Portrait of a man - M.C. Escher – 1920

High external pressure pushes us into rumination and stress, away from the present!

Most of us assume that the events of life are causing stress. Particularly at work where employees say they have a stressful boss, stressful work, stressful timelines…. But other employees in the same teams - with the same pressures - are not stressed out. So it’s not the event that causes stress.

To convert pressure into stress, you have to add an important intermediary step: rumination.

  • Pressure: External demand of your environment (For example: delays, deliverables, bosses …).
  • Rumination: To return several times in his head past or future events and attaching to them negative emotion(s).

Sustained rumination is then stress, with its known consequences1, also in the workplace:

Health accidents: Due to the increased levels of adrenaline and cortisol in their metabolism, chronic “ruminators” increase the likelihood of coronary events and degraded functioning of their immune systems.

Emotional states of depression: If you ask someone how he feels when he ruminates, He will never answer “happy”. Most ruminators admit that rumination makes them miserable and depressed. The persistence of this condition can lead to depression or burnout.

Lower individual agility: When we are ruminating, we are in a dream state, away from the present reality around us! All these worries spinning in our head about the past or the future diminish our ability to act effectively in the present:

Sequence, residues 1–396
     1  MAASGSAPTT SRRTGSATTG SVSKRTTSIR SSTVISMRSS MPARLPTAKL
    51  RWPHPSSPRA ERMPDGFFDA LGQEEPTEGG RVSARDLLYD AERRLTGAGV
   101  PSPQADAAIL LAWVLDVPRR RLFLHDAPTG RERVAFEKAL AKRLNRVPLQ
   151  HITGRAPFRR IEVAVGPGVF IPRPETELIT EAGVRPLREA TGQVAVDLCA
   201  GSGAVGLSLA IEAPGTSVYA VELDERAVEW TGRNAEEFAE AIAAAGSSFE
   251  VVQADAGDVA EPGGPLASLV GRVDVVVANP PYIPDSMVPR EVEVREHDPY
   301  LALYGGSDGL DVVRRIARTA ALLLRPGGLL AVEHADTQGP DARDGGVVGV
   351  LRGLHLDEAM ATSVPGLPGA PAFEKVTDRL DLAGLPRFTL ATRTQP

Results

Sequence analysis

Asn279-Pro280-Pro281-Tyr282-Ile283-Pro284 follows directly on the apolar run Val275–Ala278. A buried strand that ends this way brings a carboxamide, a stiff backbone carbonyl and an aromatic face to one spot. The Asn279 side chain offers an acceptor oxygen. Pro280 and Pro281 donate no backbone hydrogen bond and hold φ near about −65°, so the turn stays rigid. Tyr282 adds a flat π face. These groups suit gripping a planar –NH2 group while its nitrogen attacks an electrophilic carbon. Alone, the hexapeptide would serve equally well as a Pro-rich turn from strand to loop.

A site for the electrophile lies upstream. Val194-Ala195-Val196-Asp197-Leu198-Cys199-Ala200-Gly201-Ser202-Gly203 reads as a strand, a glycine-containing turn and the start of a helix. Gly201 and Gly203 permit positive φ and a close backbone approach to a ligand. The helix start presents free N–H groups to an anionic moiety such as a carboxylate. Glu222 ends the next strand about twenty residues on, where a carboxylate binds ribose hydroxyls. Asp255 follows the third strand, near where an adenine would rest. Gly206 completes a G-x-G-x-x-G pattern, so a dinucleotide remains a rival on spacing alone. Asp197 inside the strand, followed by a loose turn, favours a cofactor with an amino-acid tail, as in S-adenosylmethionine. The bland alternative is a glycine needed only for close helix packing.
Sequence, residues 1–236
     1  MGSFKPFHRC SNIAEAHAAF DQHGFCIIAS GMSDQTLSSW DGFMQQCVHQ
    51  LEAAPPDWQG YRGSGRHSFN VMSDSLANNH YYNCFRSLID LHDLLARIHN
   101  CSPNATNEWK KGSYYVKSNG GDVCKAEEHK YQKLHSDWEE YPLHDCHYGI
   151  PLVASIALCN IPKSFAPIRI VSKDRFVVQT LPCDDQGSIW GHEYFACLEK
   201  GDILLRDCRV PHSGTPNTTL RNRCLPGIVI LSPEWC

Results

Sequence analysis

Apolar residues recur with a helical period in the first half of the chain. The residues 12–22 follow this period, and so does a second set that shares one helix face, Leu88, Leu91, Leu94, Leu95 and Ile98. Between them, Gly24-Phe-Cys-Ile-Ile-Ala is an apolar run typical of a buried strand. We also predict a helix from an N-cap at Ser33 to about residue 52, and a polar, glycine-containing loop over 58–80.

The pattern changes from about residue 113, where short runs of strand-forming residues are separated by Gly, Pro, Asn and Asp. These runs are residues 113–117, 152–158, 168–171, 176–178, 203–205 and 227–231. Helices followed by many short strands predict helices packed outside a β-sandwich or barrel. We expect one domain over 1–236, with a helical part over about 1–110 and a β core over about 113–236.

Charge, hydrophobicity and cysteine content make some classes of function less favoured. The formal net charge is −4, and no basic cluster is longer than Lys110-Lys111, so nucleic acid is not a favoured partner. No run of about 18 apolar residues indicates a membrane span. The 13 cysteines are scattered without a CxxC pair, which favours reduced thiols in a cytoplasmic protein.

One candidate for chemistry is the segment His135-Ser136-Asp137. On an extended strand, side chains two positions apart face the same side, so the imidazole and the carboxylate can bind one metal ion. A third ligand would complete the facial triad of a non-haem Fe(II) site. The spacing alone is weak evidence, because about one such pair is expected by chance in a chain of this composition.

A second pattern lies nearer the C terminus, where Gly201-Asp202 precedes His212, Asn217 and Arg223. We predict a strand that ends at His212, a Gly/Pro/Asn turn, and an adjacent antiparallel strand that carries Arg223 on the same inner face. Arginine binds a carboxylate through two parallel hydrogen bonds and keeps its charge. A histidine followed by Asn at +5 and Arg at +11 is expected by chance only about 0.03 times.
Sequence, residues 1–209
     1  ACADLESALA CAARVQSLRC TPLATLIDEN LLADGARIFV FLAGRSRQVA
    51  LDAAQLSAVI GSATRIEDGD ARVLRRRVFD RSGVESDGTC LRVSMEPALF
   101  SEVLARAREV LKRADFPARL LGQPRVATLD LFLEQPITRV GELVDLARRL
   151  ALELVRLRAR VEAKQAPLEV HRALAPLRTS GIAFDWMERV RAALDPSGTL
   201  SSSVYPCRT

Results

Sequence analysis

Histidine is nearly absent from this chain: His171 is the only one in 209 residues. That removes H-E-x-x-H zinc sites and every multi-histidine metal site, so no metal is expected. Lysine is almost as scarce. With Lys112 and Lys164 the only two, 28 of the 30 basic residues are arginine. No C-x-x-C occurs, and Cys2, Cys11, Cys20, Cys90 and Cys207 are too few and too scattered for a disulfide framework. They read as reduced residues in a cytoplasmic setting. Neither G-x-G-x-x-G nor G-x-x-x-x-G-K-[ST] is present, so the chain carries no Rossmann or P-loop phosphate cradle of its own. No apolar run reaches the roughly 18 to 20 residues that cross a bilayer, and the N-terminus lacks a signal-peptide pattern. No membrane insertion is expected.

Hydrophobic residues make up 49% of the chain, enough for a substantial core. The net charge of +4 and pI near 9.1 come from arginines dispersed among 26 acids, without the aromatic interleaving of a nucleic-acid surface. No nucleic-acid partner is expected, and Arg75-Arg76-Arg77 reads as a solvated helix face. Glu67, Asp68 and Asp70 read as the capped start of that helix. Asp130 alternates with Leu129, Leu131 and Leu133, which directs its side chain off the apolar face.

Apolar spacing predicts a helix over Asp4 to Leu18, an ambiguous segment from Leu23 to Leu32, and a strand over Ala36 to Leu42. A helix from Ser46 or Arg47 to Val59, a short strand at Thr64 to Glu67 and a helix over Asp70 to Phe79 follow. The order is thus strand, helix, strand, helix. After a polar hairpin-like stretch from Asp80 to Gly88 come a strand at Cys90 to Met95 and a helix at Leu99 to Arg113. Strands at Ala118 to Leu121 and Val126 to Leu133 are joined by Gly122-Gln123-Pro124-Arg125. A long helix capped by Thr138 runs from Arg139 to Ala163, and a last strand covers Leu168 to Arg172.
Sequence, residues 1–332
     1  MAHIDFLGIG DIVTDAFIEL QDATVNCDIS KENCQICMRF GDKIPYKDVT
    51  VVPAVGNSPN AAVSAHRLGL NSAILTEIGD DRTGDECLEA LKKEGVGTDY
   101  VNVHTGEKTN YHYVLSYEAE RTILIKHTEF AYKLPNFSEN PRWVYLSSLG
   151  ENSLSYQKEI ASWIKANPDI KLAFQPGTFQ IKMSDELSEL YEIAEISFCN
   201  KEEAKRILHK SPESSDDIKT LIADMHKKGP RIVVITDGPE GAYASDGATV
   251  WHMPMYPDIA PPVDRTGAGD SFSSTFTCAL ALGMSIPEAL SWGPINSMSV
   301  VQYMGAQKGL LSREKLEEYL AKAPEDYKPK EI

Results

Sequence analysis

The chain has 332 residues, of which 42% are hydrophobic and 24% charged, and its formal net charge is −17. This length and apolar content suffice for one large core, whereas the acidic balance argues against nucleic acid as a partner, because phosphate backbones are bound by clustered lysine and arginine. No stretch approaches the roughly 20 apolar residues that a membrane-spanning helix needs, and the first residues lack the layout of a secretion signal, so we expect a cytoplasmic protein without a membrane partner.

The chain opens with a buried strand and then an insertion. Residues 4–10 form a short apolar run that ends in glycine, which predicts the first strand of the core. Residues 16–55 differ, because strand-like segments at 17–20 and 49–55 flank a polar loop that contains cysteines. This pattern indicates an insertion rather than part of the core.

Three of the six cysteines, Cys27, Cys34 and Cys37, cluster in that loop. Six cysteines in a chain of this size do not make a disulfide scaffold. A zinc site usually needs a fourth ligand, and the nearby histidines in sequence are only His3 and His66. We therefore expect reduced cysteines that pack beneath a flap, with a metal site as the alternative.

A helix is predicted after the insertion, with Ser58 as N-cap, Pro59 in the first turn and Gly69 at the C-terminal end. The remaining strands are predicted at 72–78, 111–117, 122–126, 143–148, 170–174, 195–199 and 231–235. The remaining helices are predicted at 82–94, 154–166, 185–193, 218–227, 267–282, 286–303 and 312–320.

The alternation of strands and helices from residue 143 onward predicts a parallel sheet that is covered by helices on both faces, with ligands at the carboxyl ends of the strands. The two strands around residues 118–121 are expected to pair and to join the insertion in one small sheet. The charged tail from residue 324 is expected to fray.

• We capture only a fraction of the available information around us and we sometimes miss important facts/clues
  • Stress tends to push us towards pessimistic interpretations of the facts/clues we have captured
  • Stress diminishes our capacity to take a distance from the current situation and access creative options

Rumination and reflection are different mental states


Ruminating people usually justify their rumination by explaining that it is useful because they reflect on their challenges in order to find solutions. But rumination and reflection are different mental states as indicated in the figure. Reflection can efficiently lead to effective solutions while rumination is largely inefficient: a waste of time in a quasi dream-state tainted by negative emotions about the past or the future! Leaders need to recognize the difference between thinking above and below the red line. Try to stay above the line.

The 3 steps to get out of rumination

The study of the stress responses of thousands of managers leads to the patterns in leaders who do not transform pressure into stress2. Here are the 3 steps for which we have developed stress management tools that we learn to master in our workshops:

Step 1 – Wake up Bring your attention back to the present and maintain it there!

Step 2 – Direct your attention Then direct its attention to the areas that can be controlled

Step 3 – Break off Put the situation into perspective

  1. Robert Sapolsky (2004). Why Zebras Don’t Get Ulcers. Holt Paperbacks [return]
  2. Derek Roger and Nick Petrie (2016). Work without Stress. McGraw-Hill [return]